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Minnesota Association For Justice’s Statement On ATRA’s Hellhole Release

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“JUDICIAL HELLHOLES” Report Unfairly Attacks Minnesota Justice

Minnesota legal group says the report—funded by big tobacco and pharmaceutical companies— is a disservice to Minnesota’s Judiciary.

(Minneapolis, MN)- The leader of the Minnesota Association for Justice (MNAJ) said today that the Judicial Hellholes 2009 report, published today by the American Tort Reform Association, is nothing more than “an annual trashing of the Judiciary that is widely discredited, biased and not based on any scientific or peer reviewed research.”

Michael A. Bryant, an attorney practicing in Minnesota and the current President of the Minnesota Association for Justice said; “First, it should be made clear that the report, funded by insurance, pharmaceutical and tobacco companies, is an ill conceived effort to create fear about our court system; and finally, goes completely overboard when taking direct aim at Minnesota’s Supreme Court by singling them out for ‘Dishonorable Mention’”.

The case the ATRA refers to is a recent Minnesota Supreme Court decision, Fleeger vs. Wyeth Pharmaceuticals, Inc, which was written by Chief Justice Eric Magnuson. Sadly, the report fails to tell the whole truth about the case and insults our state, and our Chief Justice, by labeling the decision “dishonorable.”

“The truth is, Minnesota Justices were faced with a legal dilemma and ruled on the fact of law, which is exactly what we want our Judiciary to do,” Bryant continued.

What the report failed to mention is that prior to 1977, Minnesota had a “borrowing statute” for individuals and companies who brought suit in Minnesota, but were not residents of the state. Under the borrowing statute, when such non-resident plaintiffs brought suit in Minnesota, the court would “borrow” the statute of limitations from the state in which the claim arose. This was important because different states have varying statutes of limitations, with Minnesota’s being among the longest at six years for negligence and product liability claims.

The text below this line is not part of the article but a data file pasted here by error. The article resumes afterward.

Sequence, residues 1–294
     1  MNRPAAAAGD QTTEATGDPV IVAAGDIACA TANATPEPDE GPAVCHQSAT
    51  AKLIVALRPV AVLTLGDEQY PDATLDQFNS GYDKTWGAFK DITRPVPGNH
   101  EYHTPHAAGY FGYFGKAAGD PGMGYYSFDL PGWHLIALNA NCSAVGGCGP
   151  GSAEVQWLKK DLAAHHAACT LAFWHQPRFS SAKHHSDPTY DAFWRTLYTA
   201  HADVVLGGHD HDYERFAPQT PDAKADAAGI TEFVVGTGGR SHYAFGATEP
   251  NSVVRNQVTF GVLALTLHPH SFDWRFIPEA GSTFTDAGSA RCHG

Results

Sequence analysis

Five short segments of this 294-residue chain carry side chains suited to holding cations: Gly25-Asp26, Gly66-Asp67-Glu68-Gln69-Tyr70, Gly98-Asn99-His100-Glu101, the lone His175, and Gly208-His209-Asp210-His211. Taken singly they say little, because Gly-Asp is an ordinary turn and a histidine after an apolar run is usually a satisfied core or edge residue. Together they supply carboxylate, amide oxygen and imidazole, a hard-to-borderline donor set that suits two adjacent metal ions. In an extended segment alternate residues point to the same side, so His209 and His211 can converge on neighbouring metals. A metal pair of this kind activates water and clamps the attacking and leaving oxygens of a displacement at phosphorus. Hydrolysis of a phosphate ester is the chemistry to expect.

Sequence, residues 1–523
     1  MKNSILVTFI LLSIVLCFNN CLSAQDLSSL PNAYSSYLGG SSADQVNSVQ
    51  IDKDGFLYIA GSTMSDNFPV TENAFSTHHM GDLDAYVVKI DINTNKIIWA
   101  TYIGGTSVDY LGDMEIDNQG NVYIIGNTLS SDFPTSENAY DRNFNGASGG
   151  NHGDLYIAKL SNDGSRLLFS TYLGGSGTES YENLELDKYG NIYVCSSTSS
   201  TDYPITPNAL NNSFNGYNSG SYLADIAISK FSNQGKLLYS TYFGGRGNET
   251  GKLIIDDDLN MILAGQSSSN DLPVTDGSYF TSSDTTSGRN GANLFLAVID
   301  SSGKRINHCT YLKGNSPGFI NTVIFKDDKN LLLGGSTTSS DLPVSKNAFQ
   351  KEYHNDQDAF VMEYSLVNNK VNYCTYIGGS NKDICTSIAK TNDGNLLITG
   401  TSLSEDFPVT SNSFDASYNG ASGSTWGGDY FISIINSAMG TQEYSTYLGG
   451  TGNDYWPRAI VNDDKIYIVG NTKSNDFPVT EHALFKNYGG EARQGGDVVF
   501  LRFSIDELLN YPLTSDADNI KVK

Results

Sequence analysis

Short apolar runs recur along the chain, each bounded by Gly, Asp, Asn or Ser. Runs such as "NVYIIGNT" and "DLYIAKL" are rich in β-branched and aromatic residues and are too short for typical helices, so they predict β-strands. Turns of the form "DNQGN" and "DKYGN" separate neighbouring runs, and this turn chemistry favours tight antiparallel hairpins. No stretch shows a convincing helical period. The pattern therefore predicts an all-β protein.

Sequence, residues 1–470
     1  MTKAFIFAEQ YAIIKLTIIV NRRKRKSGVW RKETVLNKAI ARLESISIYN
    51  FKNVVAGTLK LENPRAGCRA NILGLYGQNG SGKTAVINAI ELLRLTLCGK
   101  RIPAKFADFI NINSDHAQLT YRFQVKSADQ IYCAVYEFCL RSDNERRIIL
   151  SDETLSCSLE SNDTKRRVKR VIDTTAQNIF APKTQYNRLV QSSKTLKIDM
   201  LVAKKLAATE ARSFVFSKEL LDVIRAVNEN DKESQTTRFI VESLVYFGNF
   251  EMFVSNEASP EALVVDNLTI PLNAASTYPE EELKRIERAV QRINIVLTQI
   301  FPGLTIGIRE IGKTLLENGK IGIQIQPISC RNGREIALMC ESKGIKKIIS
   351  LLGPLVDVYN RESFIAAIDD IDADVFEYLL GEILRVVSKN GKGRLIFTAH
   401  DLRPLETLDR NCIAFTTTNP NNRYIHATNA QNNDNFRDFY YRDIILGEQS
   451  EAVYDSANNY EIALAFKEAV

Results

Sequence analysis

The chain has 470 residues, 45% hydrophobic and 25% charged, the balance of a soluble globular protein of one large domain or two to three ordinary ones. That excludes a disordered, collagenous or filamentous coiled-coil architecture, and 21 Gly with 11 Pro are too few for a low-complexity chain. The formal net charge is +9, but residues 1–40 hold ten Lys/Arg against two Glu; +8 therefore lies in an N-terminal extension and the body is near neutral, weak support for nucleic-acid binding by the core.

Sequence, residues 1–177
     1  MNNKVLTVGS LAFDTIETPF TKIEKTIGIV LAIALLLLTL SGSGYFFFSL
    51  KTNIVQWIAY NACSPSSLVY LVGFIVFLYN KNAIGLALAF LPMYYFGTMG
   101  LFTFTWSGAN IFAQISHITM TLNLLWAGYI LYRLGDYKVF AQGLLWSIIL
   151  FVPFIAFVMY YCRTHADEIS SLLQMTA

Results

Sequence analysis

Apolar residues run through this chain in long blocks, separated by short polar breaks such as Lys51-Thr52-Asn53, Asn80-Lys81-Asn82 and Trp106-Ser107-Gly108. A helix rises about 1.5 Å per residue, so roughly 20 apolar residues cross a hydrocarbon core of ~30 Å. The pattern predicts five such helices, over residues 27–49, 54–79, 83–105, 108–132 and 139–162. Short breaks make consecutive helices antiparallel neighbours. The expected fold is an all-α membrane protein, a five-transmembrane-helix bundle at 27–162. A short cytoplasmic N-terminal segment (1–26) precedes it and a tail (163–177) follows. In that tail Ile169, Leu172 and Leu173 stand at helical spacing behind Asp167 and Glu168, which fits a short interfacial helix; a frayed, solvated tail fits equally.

The borrowing statute was eliminated by the Minnesota legislature in 1977. As a result, all plaintiffs who brought suit in Minnesota, no matter where the underlying injury took place, could potentially rely on Minnesota’s long statute of limitations.

In 2004, The Minnesota legislature enacted a new borrowing statute. The new statute essentially mirrors the previous statute in Minnesota, stating that when a non-resident plaintiff brings a claim in Minnesota, but that claim is based on another state’s laws, the statute of limitations from that state applies. The legislature made clear that this new borrowing statute only applies to claims arising from incidents that occurred on or after August 1, 2004.

“The result of the legislature’s response is a short window of potential additional cases, but to suggest that it was result of some devious plot to allow frivolous lawsuits is shameful. The perpetrators of this report have done a disservice to the Minnesota Judiciary and should apologize for insinuating that our Justices could have ruled in any other way,” Bryant concluded.

Since 1998 Minnesota’s personal injury filings have gone down almost 40%. Bryant adds, “You’d think they’d have nothing but good things to say about Minnesota.”

The Minnesota Association for Justice is a professional association of attorneys who represent Minnesotans wrongfully harmed or injured in person, property or human rights. MNAJ defends the rights guaranteed by the Constitutions and laws of the United States and Minnesota, foremost among them the right to a trial by jury and advocates for public policy to enhance consumer rights and protection.